At first the novice learns ... to manipulate the fan,

to shake the small bells and jingles;

she memorises the songs and learns all the movements.

At the end of the first month, the young girl’s family visits the shaman[ess]’s house to celebrate the "ceremony of the first month". The girl can from that time on follow her mistress and help her during the rituals."


pp. 143-65 Jacques Lemoine : "The Construction of a Hmong Shaman’s Powers of Healing".

pp. 146-7 the 6 sedentary-and-domestic souls




"The sedentary, vegetative souls controlling the body are :


The "life-demanding" soul (long tzu long lao), incorporating health and wealth in a joint stock of good fortune. ... When it is exhausted, the shaman burns spirit money in order to rebuild it (12).


The "bamboo" soul (nju siong nju ndong) grows in the marrow of the backbone. {The spinal marrow is significant to, e.g., Kun.d.alini yoga.} It holds the body upright. When worms enter it, it may leans over ... . ... (11).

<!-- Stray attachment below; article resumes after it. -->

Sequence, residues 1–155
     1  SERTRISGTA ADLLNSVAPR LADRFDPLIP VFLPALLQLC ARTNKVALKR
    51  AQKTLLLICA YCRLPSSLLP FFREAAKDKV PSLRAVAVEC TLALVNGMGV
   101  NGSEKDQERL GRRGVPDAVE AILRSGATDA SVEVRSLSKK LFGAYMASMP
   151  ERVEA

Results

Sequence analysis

The "sun and moon" soul (ngao nu njau li). This soul never leaves the body even after death. {Hence, in the Kemetic system involving the [barque of the] sun, the soul involved is believed to reside in the mummy.} It stays in the forehead when man is in good health, but moves towards the back of the head when he is weak or ill (10).


The "life-expectancy" soul (krau na khau siong : literally Of the years of rice to eat") is the embodiment of appetite {/nepes^/ is the ‘appetitive soul’ in <ibri^} and of the life span. If the food reserve it symbolizes is exhausted, the shaman must buy a new (symbolic) stock food wherewith to sustain his patient’s life (9). {Could this allude to such person as the rich Roman who committed suicide for dread of starving to death?}


The "source of cucumbers and pumpkins" soul (mang tli mang tau). {Pumpkin-deities (Kusmanda) are known in India and in Indonesia.} It stays in the veins, it is ... a companion of the vital soul ... (8).